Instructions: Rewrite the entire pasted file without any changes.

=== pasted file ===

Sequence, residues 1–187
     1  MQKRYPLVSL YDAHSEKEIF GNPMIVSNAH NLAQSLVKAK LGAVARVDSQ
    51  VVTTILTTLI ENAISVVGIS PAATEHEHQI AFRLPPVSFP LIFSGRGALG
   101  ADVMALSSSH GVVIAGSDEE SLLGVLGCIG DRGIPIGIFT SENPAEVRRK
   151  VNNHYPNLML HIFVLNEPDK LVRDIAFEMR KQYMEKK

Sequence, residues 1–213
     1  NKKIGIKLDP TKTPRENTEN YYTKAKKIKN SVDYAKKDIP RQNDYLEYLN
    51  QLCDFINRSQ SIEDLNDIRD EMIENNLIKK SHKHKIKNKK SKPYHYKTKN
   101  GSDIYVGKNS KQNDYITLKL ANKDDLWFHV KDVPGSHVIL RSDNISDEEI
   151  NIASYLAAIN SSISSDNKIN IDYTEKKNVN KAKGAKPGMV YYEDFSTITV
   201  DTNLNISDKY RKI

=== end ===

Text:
Sequence, residues 1–187
     1  MQKRYPLVSL YDAHSEKEIF GNPMIVSNAH NLAQSLVKAK LGAVARVDSQ
    51  VVTTILTTLI ENAISVVGIS PAATEHEHQI AFRLPPVSFP LIFSGRGALG
   101  ADVMALSSSH GVVIAGSDEE SLLGVLGCIG DRGIPIGIFT SENPAEVRRK
   151  VNNHYPNLML HIFVLNEPDK LVRDIAFEMR KQYMEKK

Sequence, residues 1–213
     1  NKKIGIKLDP TKTPRENTEN YYTKAKKIKN SVDYAKKDIP RQNDYLEYLN
    51  QLCDFINRSQ SIEDLNDIRD EMIENNLIKK SHKHKIKNKK SKPYHYKTKN
   101  GSDIYVGKNS KQNDYITLKL ANKDDLWFHV KDVPGSHVIL RSDNISDEEI
   151  NIASYLAAIN SSISSDNKIN IDYTEKKNVN KAKGAKPGMV YYEDFSTITV
   201  DTNLNISDKY RKI